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Street Food in Asia

Photographer: various


Street food in Asia is a varied fare that delights the palate and comes at a good price. It is colorful, tasty and varied; sometimes sharp, saucy or spicy. There is something for the sweet tooth, or to suit those looking for more of a savory sensation. Drinks and snacks and full meals.


Street food is the original traditional finger and fast food, with a long tradition of cuisine made with fresh local ingredients, immediate on the spot, while-you-watch cooking, and a price most can afford. Some people forsake a kitchen and eat from street food, others supplement their own household regime with the varied fare. Universally, some dishes have caught the world’s attention and appear in almost everyone’s food vocabulary. They also form an important part of a modern travel experience, and eating the local food is an essential element in every tourist trip to a far-off place.


In Thailand, among best known and loved is the stir-fried noodle dish Pad Thai, in Hong Kong, it is deep fried curry fish balls, while red bean cakes reign in Taiwan and a bowl of Pho noodle soup is supreme in Vietnam, Vegetarian Masala Dosa’s, Pav Bhaji, Panipuris (fried puris) and sweet snack Malai Kulfi or frozen dairy dessert are among traditional favorites in India. Meat figures in the Philippines, and take away meat snacks and whole roasted suckling pigs are those popular in the Philippines. Sweet traditional Yomari or Nepalese steamed dumplings are well loved in Nepal, and snail soup in Cambodia brings bowls of steaming snails that have been hand collected by farmers in the countryside, into Phnom Penh city.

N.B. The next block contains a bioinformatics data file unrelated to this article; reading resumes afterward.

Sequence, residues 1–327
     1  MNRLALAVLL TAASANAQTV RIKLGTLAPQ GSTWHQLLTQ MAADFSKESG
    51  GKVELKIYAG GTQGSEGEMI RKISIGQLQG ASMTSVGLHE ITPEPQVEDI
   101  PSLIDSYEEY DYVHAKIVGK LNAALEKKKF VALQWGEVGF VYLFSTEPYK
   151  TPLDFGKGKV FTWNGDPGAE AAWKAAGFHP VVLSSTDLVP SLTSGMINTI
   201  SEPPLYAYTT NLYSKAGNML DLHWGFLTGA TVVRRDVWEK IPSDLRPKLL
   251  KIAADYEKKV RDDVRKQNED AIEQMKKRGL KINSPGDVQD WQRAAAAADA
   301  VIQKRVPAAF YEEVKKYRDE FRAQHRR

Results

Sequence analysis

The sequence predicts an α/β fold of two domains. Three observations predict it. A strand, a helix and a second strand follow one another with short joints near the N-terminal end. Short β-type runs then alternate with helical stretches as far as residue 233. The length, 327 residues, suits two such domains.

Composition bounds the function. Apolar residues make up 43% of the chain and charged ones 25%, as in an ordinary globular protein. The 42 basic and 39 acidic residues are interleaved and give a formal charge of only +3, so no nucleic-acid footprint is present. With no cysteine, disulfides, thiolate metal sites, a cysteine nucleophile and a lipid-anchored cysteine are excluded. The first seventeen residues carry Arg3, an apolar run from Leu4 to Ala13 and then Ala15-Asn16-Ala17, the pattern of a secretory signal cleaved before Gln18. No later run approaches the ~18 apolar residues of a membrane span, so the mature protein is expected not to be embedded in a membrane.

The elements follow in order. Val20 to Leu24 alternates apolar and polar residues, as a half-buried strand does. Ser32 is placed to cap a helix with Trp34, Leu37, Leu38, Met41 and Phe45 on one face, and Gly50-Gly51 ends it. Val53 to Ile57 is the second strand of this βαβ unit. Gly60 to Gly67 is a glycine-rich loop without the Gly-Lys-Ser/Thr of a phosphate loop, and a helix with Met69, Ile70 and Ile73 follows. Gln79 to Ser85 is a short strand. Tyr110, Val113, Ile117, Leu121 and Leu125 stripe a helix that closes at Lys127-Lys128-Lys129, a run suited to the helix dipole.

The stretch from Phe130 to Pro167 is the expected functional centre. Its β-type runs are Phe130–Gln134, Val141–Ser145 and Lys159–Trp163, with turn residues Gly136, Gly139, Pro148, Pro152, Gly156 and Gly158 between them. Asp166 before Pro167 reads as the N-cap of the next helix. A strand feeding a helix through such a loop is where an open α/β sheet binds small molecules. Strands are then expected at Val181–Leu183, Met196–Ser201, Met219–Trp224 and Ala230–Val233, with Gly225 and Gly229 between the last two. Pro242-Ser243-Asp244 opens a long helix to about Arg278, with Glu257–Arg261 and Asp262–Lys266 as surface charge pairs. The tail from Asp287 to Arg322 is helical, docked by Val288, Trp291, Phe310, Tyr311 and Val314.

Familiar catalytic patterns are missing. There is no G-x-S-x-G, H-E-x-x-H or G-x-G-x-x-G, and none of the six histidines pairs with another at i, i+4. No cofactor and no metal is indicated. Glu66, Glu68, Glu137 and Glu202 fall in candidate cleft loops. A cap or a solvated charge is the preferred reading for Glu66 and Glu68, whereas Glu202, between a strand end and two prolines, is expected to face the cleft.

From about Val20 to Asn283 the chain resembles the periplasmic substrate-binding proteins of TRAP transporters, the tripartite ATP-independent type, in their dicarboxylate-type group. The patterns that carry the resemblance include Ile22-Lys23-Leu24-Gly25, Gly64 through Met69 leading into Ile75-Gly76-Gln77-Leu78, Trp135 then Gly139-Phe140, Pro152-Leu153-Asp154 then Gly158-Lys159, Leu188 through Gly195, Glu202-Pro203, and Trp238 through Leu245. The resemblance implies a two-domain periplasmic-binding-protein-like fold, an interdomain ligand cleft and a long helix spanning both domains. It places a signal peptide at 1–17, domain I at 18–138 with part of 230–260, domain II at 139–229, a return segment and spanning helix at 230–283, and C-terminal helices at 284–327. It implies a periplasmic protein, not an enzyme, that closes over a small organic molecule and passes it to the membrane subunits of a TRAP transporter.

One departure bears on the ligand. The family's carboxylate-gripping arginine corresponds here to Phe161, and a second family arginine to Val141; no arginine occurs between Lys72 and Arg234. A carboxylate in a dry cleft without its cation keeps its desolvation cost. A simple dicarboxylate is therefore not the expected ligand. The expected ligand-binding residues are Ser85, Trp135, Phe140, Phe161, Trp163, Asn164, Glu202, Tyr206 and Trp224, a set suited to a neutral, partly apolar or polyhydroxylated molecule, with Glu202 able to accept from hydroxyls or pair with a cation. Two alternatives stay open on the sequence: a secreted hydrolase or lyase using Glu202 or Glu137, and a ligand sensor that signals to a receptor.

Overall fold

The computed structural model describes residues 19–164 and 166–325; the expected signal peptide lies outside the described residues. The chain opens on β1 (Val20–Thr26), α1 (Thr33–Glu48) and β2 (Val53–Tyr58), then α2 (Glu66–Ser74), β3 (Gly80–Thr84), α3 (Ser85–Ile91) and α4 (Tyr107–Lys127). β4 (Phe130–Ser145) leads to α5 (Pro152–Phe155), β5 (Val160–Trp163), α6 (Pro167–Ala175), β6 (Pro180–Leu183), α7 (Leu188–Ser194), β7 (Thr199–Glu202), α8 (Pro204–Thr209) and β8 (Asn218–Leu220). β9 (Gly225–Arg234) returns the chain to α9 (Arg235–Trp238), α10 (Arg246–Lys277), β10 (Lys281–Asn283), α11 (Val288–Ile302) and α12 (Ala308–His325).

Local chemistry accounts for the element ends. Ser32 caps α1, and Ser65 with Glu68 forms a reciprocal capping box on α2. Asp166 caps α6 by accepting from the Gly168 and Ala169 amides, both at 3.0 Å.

Scorpions and crickets are among the protein-rich insects deep-fried in oil until crunchy sprinkled with lemongrass slivers and chili that are popularly sold from street vendors carts across Thailand. And betel quid’s, known as Kunya, are very popular in Myanmar, made of tobacco and small pieces of betel nut wrapped in a betel leaf and spread with a lime paste that is placed into the mouth to suck and chew. Baozi, or Chinese steamed meat buns, cooked in bamboo steamers are a breakfast favorite in China. Malatang, a famous type of Chinese street food, originating in Sichuan province, enjoys high popularity in Beijing.


Singapore and Malaysia feature many food hawker centers which offer a variety of traditional food tastes and open eating. Singapore has announced that it will be nominating its hawker culture, comprising over 6000 hawkers who provide street food local dishes, for a Unesco's Representative List of the Intangible Cultural Heritage of Humanity. Hawker centers were started in the 1970s in Singapore by moving street vendors into purpose-built facilities. There are over 110 such hawker centers in the country. But the announcement is reported to have angered some Malaysians, as both nations share a long street food culture heritage with similar dishes creating a rivalry over the origins of the dishes and who offers the most delicious.